Though San Francisco is a ten-hour flight from Japan, you wouldn’t know it by the volume of precious, ice-packed chests arriving daily from Tokyo’s Tsukiji Fish Market to create the city's best sushi. San Francisco is home to an impressive network of master sushi chefs, trained at acclaimed Japanese restaurants, and opening their own seafood restaurants in the Bay Area. Whether your ideal meal is super-fresh, simply prepared nigiri or wildly inventive omakase, there’s a sushi bar for every taste.
RECOMMENDED: The best Japanese restaurants in SF
Sushi in San Francisco
This upscale restaurant serves omakase (chef’s choice) only: $98 for seven courses or $165 for 10. The carefully calibrated progression of dishes is designed to achieve a distinctive balance of tastes, colors, and cooking methods (roasting, steaming, frying, simmering and served raw). Mitsunori Kusakabe, an alum of Nobu Tokyo, New York and Miami Beach, oversees the sushi bar. After leaving Miami, Kusakabe honed his skills at Sushi Ran, the revered Sausalito sushi restaurant. He’s is an expert in traditional Edomae sushi techniques, as well as a certified blowfish butcher—order accordingly.
This Michelin-starred fish haven is headed up by chef Jackson Yu, a local restauranteur who also owns several outposts of Live Sushi and Okane, next door. Yu moved to the Bay Area at the age of 18 and has been honing his skills in preparing traditional Edomae-style sushi for two decades. The restaurant offers two fixed-price tasting menus, the Hideaki omakase (two appetizers, one sashimi, 10 pieces of nigiri and one owan for $150) or the Yamato omakase (two appetizers, two sashimi, one yakimono, 12 pieces of nigiri and one owan for $200). Nearly all the fish is flown from Tokyo’s Tsukiji Fish Market—shipments arrive three times a week. (Even the Gen-emon porcelain dishware is imported.) Splurge on the sake pairing, with is served in handcrafted Seikado pewter cups and pitchers.
Ju-Ni translates to “twelve” in Japanese, a nod to the jewel box-sized restaurant’s 12 seats. Headed up by chef Geoffrey Lee and his business partner, Tan Truong, the Nopa newcomer has garnered considerable accolades since opening in 2016, including a 2017 Michelin star. A single sushi chef is devoted to every four guests, resulting in both impeccable service and an intimate vibe. The fish for the 18-course omakase menu ($145) is sourced from Tsukiji Market in Tokyo; bite is delivered with a soliloquy on the origin, creative process and tradition behind the dish.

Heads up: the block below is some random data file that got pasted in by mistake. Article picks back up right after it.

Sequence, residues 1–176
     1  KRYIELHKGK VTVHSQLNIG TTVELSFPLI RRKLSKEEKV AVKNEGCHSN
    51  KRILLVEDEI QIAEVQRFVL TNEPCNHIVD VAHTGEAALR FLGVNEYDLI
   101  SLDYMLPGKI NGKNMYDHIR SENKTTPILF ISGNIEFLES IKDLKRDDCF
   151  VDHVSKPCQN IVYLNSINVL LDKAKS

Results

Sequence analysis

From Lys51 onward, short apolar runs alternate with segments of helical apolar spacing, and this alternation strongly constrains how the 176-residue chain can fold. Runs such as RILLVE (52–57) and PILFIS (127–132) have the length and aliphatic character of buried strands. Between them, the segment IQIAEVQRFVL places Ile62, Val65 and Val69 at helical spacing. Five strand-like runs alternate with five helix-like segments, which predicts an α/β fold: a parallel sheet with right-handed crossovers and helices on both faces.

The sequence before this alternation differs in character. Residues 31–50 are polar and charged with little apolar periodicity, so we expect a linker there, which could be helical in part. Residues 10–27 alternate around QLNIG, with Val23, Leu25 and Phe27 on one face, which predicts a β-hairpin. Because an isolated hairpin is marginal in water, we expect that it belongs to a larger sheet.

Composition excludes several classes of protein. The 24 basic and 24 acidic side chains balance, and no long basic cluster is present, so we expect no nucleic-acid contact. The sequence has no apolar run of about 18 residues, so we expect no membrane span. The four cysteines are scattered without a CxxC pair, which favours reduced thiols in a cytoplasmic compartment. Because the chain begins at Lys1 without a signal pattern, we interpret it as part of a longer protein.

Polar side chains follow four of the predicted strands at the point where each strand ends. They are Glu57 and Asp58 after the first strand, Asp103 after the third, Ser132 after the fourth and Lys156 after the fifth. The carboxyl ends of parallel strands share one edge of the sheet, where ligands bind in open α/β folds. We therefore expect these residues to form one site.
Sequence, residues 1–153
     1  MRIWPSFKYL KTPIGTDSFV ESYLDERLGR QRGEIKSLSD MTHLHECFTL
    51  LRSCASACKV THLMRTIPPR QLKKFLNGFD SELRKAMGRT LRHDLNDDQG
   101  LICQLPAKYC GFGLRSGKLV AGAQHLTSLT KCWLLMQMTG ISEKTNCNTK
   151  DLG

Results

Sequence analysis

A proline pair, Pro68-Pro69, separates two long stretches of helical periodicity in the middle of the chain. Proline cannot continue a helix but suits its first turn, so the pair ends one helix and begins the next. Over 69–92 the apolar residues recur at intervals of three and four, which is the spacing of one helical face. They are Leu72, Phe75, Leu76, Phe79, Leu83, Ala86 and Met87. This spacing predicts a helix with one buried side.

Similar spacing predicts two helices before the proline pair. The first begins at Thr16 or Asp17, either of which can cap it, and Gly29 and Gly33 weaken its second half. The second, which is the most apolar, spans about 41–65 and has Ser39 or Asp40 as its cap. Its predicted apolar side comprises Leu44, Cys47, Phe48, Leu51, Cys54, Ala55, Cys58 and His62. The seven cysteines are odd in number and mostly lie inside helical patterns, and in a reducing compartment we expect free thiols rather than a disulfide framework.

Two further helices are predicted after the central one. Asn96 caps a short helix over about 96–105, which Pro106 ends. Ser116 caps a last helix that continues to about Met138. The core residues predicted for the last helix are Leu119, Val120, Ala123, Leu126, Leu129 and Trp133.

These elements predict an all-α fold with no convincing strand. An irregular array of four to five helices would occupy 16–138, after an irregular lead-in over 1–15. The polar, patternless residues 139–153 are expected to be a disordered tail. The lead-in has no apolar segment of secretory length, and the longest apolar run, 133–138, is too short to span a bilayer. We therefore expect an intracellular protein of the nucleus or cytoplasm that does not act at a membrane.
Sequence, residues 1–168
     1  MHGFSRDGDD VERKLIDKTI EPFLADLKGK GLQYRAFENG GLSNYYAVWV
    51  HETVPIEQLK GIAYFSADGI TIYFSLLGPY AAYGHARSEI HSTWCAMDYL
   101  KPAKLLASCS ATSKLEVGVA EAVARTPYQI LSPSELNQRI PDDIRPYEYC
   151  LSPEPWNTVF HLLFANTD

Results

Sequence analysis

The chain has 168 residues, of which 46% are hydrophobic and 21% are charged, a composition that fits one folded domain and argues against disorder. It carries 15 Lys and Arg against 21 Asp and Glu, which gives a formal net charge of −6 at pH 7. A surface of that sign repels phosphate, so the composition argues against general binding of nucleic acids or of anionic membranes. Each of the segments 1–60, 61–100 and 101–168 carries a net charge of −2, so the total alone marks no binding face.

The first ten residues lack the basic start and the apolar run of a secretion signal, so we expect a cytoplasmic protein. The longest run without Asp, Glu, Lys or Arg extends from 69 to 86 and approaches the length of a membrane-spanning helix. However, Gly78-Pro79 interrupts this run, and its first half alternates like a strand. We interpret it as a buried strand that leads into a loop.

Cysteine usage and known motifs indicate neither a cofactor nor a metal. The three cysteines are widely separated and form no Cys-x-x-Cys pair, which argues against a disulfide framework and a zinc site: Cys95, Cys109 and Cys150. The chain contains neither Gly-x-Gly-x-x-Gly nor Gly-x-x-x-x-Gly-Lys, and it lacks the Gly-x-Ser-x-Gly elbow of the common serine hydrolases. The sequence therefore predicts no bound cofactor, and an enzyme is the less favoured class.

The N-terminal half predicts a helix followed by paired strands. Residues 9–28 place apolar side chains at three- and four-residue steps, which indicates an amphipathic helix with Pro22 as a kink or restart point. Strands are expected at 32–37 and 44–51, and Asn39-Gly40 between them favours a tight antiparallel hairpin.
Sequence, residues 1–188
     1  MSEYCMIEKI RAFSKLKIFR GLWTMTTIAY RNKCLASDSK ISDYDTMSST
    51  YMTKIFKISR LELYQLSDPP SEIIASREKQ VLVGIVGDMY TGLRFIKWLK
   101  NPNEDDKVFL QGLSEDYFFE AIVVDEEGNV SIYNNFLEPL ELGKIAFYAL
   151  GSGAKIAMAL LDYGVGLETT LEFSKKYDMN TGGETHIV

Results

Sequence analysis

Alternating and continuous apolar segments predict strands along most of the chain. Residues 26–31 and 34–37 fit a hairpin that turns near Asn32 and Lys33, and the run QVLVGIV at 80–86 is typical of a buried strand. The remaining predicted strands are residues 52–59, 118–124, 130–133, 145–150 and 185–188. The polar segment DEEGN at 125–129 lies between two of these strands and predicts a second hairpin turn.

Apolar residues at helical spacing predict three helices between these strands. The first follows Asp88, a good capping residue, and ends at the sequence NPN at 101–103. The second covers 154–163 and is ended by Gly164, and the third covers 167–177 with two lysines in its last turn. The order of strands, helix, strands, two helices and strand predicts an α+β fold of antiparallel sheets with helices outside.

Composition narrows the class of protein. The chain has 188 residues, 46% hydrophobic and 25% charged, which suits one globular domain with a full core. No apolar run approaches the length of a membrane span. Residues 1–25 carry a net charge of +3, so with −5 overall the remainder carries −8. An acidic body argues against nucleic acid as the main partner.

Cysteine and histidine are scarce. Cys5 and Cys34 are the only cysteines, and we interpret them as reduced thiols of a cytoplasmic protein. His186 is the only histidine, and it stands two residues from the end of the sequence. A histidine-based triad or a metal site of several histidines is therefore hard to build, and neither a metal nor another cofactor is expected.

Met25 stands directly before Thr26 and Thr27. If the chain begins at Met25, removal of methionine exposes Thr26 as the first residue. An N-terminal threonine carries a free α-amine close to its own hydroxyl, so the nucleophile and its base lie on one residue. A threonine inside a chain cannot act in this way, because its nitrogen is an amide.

Hinata’s head chefs, Gavin Leung and Weida Chen, have years of experience under their belts after working at Sushi Ran, Ijji and Tazaki Sushi. Their Civic Center sushi spot offers just two choices: 18 courses for $78 or 23 courses for $108. Go with the latter, the grand omakase, which includes an appetizer, nigiri, three multi-bite “movements” of progressive flavors, owan and dessert. The seafood is flown in several times a week from Tsujiki Market.
No, it’s not technically in San Francisco—but trust us, it’s worth the ferry ride. (If you can’t be persuaded to make the trip, check out Sushi Ran’s newer, izakaya-style sister-spot, Nomica, in the Castro.) After opening his doors 30 years ago in Sausalito, owner Yoshi Tome is credited with spawning the current wave of upscale omakase restaurants. The spot is known for imaginative sushi, sourced both locally and from Tokyo. First-timers can’t go wrong with the moriawase ($26), which features six pieces of fish, including kindai-tenku bluefin tuna, yellowtail, New Zealand king salmon, steamed prawn, and two freshly-sourced choices from the chef.